Randall Emmett (BFA Film and Video) was featured in “Interview: Silence Producer Randall Emmett Talks Scorsese, Power & John Gotti,” Hollywood, 1/9/17. Riad Miah (BFA Fine Arts). Group exhibition, “Alternating Current,” Mayson Gallery, NYC, 4/4-4/28/17.

Vera Lutter (MFA Photography and Related Media) was featured in “Artist to Photograph Doomed Structures at Los Angeles County Museum,” The New York Times, 1/24/17. Edie Winograde (MFA Photography and Related Media). Group exhibition, “Double Exposure: An Exhibition of Photography and Video,” Arvada Center for the Arts and Humanities, Arvada, CO, 1/19-3/26/17.


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alumni@sva.edu 1996

Hrafnhildur Arnardóttir (MFA Fine Arts). Group exhibition, “Other Hats: Icelandic Printmaking,” International Print Center for New York, NYC, 4/13-6/14/17. Brian Belott (BFA Fine Arts). Solo exhibition, “Dr. Kid President Jr.,” Gavin Brown’s Enterprise, NYC, 5/4-7/1/17. Simen Johan (BFA Photography) was featured in “Ken Weingart Interviews Simen Johan,” Lenscratch, 1/2/17. Justine Kurland (BFA Photography). Group exhibition, “Autophoto,” Foundation Cartier, Paris, France, 4/20-9/24/17. Stephen Savage (MFA Illustration as Visual Essay) published Little Plane Learns to Write (Macmillan, 2017).


Karen Leo (BFA Fine Arts) was awarded a 2017-2018 A.I.R. Gallery Fellowship, 4/5/17. Daniel Maldonado’s (BFA Film and Video) film H.O.M.E. (2016) won the 2016 Best Narrative Feature at the Queens World Film Festival, 3/14-3/19/17; 2016 Audience Award Best Narrative Feature at the Cine Las Americas International Film Festival, 5/3-5/7/17; and 2016 New York Showcase Award at the Harlem International Film Festival, 5/5-5/7/17.

Janice Caswell (BFA Fine Arts) received a $10,000 Arts and Letters Award from the American Academy of Arts and Letters, 3/23/17. Kenneth Eng’s (BFA Film and Video) documentary My Life in China (2014) is now streaming on World Channel, 1/31/17. Brian Finke (BFA Photography) was featured in “Our 9,000-Year Love Affair With Booze,” National Geographic, 2/20/17. Bella Foster (BFA Fine Arts). Solo exhibition, “Food of Light,” Canada 333, NYC, 2/4-3/12/17. Darin Mickey (BFA Photography) was featured in “These Photos Capture the Weirdness of Ordinary Life,” Vice, 5/15/17. Banks Violette (BFA Fine Arts) was featured in “An Artist Returns from the Edge,” T Magazine, 4/21/17.


Andrew Nemr (BFA Computer Art) held a residency with Google’s VR painting platform, Tilt Brush, 1/10/17.


ON megumi Akiyoshi (MFA Fine Arts). Group exhibition, “Armory Night Screening Event,” Williamsburg Art and Historical Center 3F Theater, NYC, 3/4/17. Michael Alan (BFA Fine Arts). Group exhibition, “An Annual Affair: Frieze Art Fair Alternative,” West Chelsea Arts Building, NYC, 5/5/17. Sookoon Ang (BFA Fine Arts) participated in “RU Talk: Sookoon Ang in conversation with Kyle Dancewicz,” Residency Unlimited, NYC, 5/24/17. George Boorujy (MFA Illustration as Visual Essay). Group exhibition, “Radical Kingdoms,” Mandeville Gallery, Schenectady, NY, 1/21-6/18/17.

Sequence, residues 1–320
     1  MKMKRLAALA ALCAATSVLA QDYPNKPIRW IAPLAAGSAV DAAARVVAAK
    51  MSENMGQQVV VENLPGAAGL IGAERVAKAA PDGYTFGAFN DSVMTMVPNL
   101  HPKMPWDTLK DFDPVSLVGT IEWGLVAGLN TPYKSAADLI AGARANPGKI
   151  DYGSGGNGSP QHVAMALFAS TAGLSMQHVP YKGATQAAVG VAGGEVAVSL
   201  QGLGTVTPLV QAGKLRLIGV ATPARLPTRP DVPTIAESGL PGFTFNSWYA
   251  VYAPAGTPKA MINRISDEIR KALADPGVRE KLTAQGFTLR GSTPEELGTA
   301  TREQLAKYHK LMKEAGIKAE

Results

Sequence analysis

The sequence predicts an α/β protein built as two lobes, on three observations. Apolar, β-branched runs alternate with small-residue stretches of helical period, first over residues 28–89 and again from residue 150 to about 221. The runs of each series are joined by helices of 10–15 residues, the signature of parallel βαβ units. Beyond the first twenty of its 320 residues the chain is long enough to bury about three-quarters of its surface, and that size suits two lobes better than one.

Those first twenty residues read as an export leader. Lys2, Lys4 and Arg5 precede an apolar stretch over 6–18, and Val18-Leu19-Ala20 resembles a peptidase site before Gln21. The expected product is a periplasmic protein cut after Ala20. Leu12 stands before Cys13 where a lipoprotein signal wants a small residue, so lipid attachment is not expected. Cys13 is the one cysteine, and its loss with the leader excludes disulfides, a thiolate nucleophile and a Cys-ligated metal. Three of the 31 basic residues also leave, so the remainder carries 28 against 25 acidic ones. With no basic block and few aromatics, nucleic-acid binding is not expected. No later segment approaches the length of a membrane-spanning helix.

Katrin Eismann (MFA Design) was featured in “Women of Influence,” B&H Video Pro, 2/23/17.


Tomer Hanuka (BFA Illustration) illustrated the cover of The New Yorker, 3/20/17.

Dylan Stone (MFA Fine Arts) curated “200 Years of Diaries,” Orkney Library and Archive, Kirkwall, Scotland, 3/3-7/11/17.

Eric Rhein (MFA Fine Arts) was honored at the 12th Annual Visual AIDS Vanguard Awards, 5/22/17.

Sarah Sze (MFA Fine Arts) published the article “How I Solved It: The Problem of Suspense,” The New Yorker, 5/11/17.

Naomi White (MFA Photography and Related Media) was featured in “Naomi White Investigates Consumerism And Material Culture,” On Art And Aesthetics, 2/4/17.



Janelle Lynch (MFA Photography and Related Media). Solo exhibition, “River,” Gabinete de Arte k2o, São Paulo, Brazil, 4/6-4/9/17.

Noam Rappaport (BFA Fine Arts). Solo exhibition, “Cusp,” James Fuentes, NYC, 5/31-6/25/17.

Christopher Bors (MFA Illustration as Visual Essay). Group exhibition, “Successive Excessive,” Parlour Art Gallery, NYC, 1/15-2/19/17.

Noah Landfield (BFA Fine Arts). Group exhibition, “Abstracted Landscapes,” Findlay Gallery, NYC, 2/1-2/28/17.

Jenai Chin (BFA Illustration) was the body artist for the cover and editorial of the January issue of V, 1/5/17.

Gustave Blache III (MFA Illustration as Visual Essay). Solo exhibition, “A Work in Process: Paintings by Gustave Blache III,” Louisiana Art and Science Museum, Baton Rouge, LA, 3/11-6/4/17.

Malin Abrahamsson-Alves (BFA Fine Arts). Group exhibition, “Forward Slash/ Technology, Transcendence & Tea,” Anderson Contemporary, NYC, 3/164/18/17.

Bahar Yurukoglu (BFA Photography). Solo exhibition, “Maybe I’d Like to Be Like You,” Art Suemer, Istanbul, Turkey, 3/10-4/22/17.

Katsumi Hayakawa (MFA Fine Arts). Group exhibition, “Singular Object,” 53W53 Gallery, NYC, 4/5-4/21/17.

Kathleen Murray (BFA Photography). Solo exhibition, “That Shadow, My Likeness,” Tops Gallery, Memphis, 2/244/2/17.


James Jean (BFA Illustration) was featured in “From Comic Book to Art Gallery: The Brilliant and Beautiful Art of James Jean,” Dangerous Minds, 5/8/17.